Elizabeth Marks competes at the Rio 2016 Paralympic Games in Rio de Janeiro.
Swimming has always been about more than lap times and medals for Paralympic gold medalist Elizabeth Marks.
At this year’s U.S. Paralympics Swimming National Championships, to be held Friday through Sunday, it will be about even more. Not only will she be racing in her home state of Arizona, but this will also be her way of saying thank you to all the people who supported her after making the life-changing decision to amputate her left leg below the knee in July 2017.
“The most important thing at this meet is to perform to the best of my ability because there have been so many people that have not questioned me and rallied behind me and supported me and I want them to see the fruits of their labor and understand that I took this very seriously,” said Marks, 28, from Prescott Valley, Arizona. “I’ve been very appreciative of the opportunities they’ve given me. A lot of coaches and high performance directors on the military and the civilian side would have walked away from an athlete going through what I did and no one walked away from me.”
Marks is a staff sergeant in the U.S. Army World Class Athlete Program who had already undergone more than her share of operations, hospital stays and recovery time before the amputation.
Injured in Iraq in 2010, she underwent hip surgery multiple times. Illness and complications resulted in decreased lung capacity and mobility in her legs, then in 2014 while on her way to the Invictus Games in London, she fell ill and ended up on life support. That resulted in even more complications and by the time Marks made her Paralympic debut in Rio in 2016, she was living with daily, chronic pain.
Despite the severity of the pain, Marks refused the drugs that would have brought some relief because of family history and fear of what the medication might do. So she dealt with it, and even tried to ignore it, until her body would no longer let her.
“I definitely lied to myself for a while, until my hair started falling out and I couldn’t keep weight on,” she said. “I worked with a nutritionist who tried so hard to help keep the weight on, but I had no appetite and my stomach was a mess. All things that come from pain that if you don’t acknowledge it, your body starts to tell you in serious ways.”
She was too thin, she was exhausted because she couldn’t sleep, and she could no longer function at the level she was used to functioning.
At that point, amputation wasn’t just an option, she said. It was the only option.
Marks had no doubt it was the right thing to do after the operation was complete.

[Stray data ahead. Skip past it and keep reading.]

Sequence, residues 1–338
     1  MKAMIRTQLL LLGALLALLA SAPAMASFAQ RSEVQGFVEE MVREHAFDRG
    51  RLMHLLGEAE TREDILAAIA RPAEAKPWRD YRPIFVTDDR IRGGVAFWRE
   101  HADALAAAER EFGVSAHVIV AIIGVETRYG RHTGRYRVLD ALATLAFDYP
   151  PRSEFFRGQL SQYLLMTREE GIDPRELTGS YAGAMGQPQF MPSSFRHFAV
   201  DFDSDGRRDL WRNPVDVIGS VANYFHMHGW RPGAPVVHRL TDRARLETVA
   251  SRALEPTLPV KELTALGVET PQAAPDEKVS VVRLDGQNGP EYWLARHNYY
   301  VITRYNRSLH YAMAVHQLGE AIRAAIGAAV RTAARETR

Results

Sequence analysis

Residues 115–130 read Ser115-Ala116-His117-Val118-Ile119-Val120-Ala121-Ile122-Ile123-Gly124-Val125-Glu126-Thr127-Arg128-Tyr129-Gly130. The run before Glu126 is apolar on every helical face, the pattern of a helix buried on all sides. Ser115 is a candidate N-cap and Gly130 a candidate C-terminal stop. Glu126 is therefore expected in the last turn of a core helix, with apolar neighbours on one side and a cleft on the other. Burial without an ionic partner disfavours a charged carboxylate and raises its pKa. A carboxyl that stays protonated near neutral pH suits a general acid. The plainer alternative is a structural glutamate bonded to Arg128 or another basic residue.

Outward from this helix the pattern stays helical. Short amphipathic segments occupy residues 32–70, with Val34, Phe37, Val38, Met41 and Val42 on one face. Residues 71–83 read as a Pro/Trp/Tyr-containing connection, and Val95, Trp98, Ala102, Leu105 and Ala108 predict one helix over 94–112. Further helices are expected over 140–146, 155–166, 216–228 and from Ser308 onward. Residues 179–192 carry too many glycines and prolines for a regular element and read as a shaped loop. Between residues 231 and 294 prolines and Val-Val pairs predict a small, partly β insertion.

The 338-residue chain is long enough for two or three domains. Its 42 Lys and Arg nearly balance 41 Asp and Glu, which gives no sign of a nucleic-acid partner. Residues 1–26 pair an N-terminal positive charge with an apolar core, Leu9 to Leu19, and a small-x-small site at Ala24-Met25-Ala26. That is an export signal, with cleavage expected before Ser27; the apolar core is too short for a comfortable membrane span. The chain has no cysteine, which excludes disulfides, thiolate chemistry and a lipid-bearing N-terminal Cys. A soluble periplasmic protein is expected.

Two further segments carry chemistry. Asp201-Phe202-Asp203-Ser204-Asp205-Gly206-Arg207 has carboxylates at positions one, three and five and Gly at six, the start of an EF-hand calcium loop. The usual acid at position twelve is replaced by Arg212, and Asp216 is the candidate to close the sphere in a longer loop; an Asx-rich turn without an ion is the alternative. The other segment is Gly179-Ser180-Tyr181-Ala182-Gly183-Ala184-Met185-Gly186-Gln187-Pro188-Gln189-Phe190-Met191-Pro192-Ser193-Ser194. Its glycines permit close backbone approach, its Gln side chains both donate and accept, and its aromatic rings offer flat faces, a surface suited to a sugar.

She had no idea how much pain she’d been in, she said, until the leg was gone.
“Some of the feel-good drugs wore off and I was waiting for the epidural to wear off and mentally preparing for this pain that never truly came,” she said. “It was painful, but compared to what I’d been living in it was a relief. It was kind of shocking that it had been so long that I’d been in pain I didn’t really recognize it. I got emotional because immediately after the surgery, I felt so much better.”
The recovery was not unlike what she’d been through after some of her other surgeries and medical interventions over the years, Marks said, and it was made much easier by the support of the people around her including her husband Mason Heibel, whom she married in November, Queenie Nichols, the high performance director for U.S. Paralympics Swimming, head coach Nathan Manley and Willie Wilson, chief of the U.S. Army World Class Athlete Program.
One week out of surgery, she was back to lifting weights and her doctor allowed her to get back in the water as soon as the incision healed. Six weeks after surgery, she got her prosthesis and walked for the first time, and she rejoined the team in October.
“There have been hard parts and there’s been pain involved, but even the painful parts have been positive,” she said. “It immediately told us we made the right decision by how my body responded and allowed me to sleep and eat again and gain weight, and my hair grew back.”
Even with the amputation, she said, most of her strokes in swimming did not change dramatically nor did her classification change. There has been a bit of a learning process when it comes to using her “new” body to her advantage. Her breaststroke is different, but she’s also able to recover better now that she isn’t dealing with the pain. She’s even enjoying — mostly — other strokes besides the breaststroke, she said, for which she won gold in the 100-meter in Rio.
“I still don’t love freestyle, but I tolerate it better,” she said. “I have less excuses to not like it now.”
Marks started competing again in February. At nationals she’ll race in the 50-meter butterfly on Friday, although only for fun because the event isn’t contested for her classification, and then the 50 freestyle, 100 breaststroke and 100 backstroke, all on Saturday. Although she’s never raced that many events in one day, Marks said, she’s excited to see how she handles the volume.
“It’s a new race plan and a new location,” she said. “It’ll be fun and difficult so I’m kind of setting the goal as this is my new baseline. I’m finally, I think, steady enough at my new normal to set the baseline high. I’d like them to be good times for me so I know what to look forward to and what to improve on.”